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Seven ways to less sugar in your diet

Posted Sep 19 2010 6:18pm

Here are seven ways you can make it happen; and a tip: Don’t try to do them all at once! Pin this article up on your fridge and do step one in week one; then move onto step 2, and so on. By the time you get to step 7 you won’t be missing sugar at all.

  1. Leave sugar out of your cuppa. If you routinely scoop two heaped teaspoonfuls of sugar into your coffee or tea, you may be shocked at the total amount of sugar you’re taking in each day. You can go ‘cold turkey’ and just stop, or do it the easy way - reduce the amount of sugar in each cuppa by ¼ teaspoon each time.  There’s another, less obviously sugar-laden culprit that I see taking up shelf space beside coffee machines in -  flavoured syrups. You don’t need them; enjoy the real taste of coffee instead.
  2. Stop using soft drink, cordial and fruit juice. Huh? Isn’t fruit juice healthy? Well, many actually have sugar added (sometimes labelled as ‘fructose’). Give yourself a fibre boost by enjoying a piece of real fruit and a glass of water rather than a sugar-laden juice.
  3. Stop adding sugar to your breakfast cereal. Most of them already contain sugar, especially so called healthy muesli. Check the label – if your favourite muesli contains more than 10g sugar per 100g, its officially ‘high’ in sugar content.
  4. Examine every packet before you drop it in your supermarket trolley. Reject any that include contents of ‘sugar’ ‘corn syrup’ ‘fructose’ ‘glucose’ or any other type off added sugar. By the time you get to the checkout you’ll find your supermarket trolley full of real food: fresh vegetables and fruit, meat, nuts, legumes, whole grains. Fabulous.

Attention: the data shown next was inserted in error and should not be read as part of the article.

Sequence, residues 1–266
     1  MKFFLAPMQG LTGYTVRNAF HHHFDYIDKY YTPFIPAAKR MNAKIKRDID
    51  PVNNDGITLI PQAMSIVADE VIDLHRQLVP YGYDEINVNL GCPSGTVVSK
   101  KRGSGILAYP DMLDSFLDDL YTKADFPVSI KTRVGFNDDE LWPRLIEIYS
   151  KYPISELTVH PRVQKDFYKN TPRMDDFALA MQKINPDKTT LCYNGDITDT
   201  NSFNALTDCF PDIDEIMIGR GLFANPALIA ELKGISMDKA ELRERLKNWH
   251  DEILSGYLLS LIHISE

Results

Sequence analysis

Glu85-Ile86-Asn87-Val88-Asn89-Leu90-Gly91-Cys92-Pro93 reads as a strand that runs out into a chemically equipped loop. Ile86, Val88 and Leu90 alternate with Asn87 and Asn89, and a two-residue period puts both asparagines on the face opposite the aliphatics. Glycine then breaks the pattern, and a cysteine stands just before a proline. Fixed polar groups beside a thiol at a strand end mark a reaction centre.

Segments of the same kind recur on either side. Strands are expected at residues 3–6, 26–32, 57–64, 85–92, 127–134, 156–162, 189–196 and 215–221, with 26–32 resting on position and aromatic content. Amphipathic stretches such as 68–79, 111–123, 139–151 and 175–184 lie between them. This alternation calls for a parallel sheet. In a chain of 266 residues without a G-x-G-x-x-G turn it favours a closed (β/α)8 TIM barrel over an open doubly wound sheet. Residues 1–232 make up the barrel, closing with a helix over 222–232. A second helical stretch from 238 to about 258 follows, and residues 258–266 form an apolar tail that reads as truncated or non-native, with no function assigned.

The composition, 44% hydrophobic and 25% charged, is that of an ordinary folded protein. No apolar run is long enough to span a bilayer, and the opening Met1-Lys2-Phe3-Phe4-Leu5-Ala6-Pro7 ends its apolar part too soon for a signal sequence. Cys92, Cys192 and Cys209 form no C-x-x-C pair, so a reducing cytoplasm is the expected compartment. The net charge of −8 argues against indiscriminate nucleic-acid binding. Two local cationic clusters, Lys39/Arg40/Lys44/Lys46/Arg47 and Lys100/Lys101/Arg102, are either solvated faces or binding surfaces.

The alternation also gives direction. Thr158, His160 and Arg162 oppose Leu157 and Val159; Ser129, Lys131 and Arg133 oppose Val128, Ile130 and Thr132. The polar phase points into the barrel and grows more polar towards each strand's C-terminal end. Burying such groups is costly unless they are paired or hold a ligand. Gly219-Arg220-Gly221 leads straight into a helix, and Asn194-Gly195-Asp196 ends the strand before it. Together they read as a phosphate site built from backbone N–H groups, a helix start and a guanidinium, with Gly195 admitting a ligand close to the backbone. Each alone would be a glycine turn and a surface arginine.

5. Be suspicious of naturally fatty foods labelled ‘fat free’ – especially yoghurt. They often have lots of added sugar to make them taste better. Compare the ‘sugars or carbohydrate per 100g’ on the nutrition label with ‘plain natural yoghurt’ to know for sure.
  6. Watch out for ‘sugar free’ spreads. Often the manufacturer has used fructose (fruit sugar) instead of cane sugar, but its still full of sugar. The nutrition label listing the amount of sugar per 100g will help you decide.
  7. Take sugar and syrups out of your house. All the white sugar, raw sugar, golden syrup, maple syrup, treacle, honey…… If its not in the cupboard, you’re likely to find something else sweet to fresh fruit.

How did you go? Is there an easy way to do this? Let us know by leaving your comment below.

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